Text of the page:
Venture capitalist and political fundraiser Imaad Shah Zuberi, 60, was sentenced on Thursday to 12 years in a federal prison for falsifying records to conceal his work as a foreign agent while lobbying high-level US Government officials, evading the payment of millions of dollars in taxes, making illegal campaign contributions, and obstructing a federal investigation into the source of donations to a presidential inauguration committee.
One of the offences he was tried for is stealing money from the Sri Lankan Government which hired Zuberi in 2014 to rehabilitate the country’s image in the United States, which had suffered because of allegations that its minority Tamil population had been persecuted, a statement from the US Department of Justice said. Zuberi had promised to make substantial expenditures on lobbying efforts, legal expenses, and media buys. This prompted Sri Lanka to agree to pay Zuberi a total of $8.5 million over the course of six months in 2014.
“Days after Sri Lanka made an initial payment of $3.5 million, Zuberi transferred $1.6 million into his personal brokerage accounts and used another $1.5 million to purchase real estate,” the statement said.
In total, Sri Lanka wired $6.5 million pursuant to the contract, and Zuberi used more than $5.65 million of that money to the benefit of himself and his wife, the statement said. Zuberi paid less than $850,000 to lobbyists, public relations firms and law firms, and refused to pay certain subcontractors based on false claims that Sri Lanka had not provided sufficient funds to pay invoices.
Relatedly, Zuberi failed to report on his 2014 tax return millions of dollars in income he received from the Sri Lankan government. While his 2014 federal income tax return claimed income of $558,233, Zuberi failed to report more than $5.65 million he received in relation to the Sri Lanka lobbying effort. Zuberi’s tax evasion over the course of four years – 2012 through 2015 – caused tax losses ranging from $3.5 million to as much as $9.5 million.
Zuberi was sentenced by US District Judge Virginia A Phillips, who also ordered him to pay $15,705,080 in restitution and a criminal fine of $1.75 million.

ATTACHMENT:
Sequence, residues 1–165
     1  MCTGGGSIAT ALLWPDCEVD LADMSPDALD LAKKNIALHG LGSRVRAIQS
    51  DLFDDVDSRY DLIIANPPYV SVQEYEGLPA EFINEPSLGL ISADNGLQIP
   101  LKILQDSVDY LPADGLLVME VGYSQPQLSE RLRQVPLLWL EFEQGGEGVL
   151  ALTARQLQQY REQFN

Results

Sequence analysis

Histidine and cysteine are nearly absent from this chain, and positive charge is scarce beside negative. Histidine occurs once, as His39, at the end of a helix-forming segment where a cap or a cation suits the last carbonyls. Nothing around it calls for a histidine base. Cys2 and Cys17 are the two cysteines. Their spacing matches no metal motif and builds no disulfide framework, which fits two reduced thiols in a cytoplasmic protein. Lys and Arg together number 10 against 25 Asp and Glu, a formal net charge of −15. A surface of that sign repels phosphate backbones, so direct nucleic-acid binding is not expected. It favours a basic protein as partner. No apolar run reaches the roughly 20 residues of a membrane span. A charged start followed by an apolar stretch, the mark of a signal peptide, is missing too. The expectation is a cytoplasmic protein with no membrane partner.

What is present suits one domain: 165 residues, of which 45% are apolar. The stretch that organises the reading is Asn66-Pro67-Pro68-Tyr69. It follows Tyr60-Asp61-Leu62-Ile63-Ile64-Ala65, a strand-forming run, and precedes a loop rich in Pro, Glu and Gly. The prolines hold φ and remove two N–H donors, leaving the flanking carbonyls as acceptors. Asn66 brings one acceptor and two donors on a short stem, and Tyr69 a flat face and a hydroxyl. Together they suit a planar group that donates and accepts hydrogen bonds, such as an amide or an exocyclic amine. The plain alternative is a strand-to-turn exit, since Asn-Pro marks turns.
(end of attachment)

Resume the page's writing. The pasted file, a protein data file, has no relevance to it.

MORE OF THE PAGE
In November 2019, Zuberi pleaded guilty to a three-count information charging him with violating the Foreign Agents Registration Act (FARA) by making false statements on a FARA filing, tax evasion, and making illegal campaign contributions. In June 2020, Zuberi pleaded guilty in a separate case to one count of obstruction of justice. His sentence today pertains to both cases.
Zuberi operated Avenue Ventures LLC, a San Francisco-based venture capital firm, and solicited foreign nationals and representatives of foreign governments with claims he could use his contacts in Washington, DC, to change U.S. foreign policy and create business opportunities for his clients and himself.
Clients gave Zuberi money for consulting fees, to make investments, or to fund campaign contributions. As part of his efforts to influence public policy, Zuberi hired lobbyists, retained public relations professionals, and made campaign contributions that gave him access to high-level U.S. officials, some of whom acted in support of his clients. As evidence of his access and influence, Zuberi distributed to his clients photographs of himself discussing policy with elected officials.
While Zuberi had a limited degree of success with some U.S. officials, most of his business efforts failed and his clients suffered significant financial losses. Many of the lobbyists, public relations consultants, and other subcontractors also suffered losses when Zuberi refused to pay them. Meanwhile, Zuberi became wealthy, largely through his theft of client funds and unlawful lobbying on behalf of foreign interests.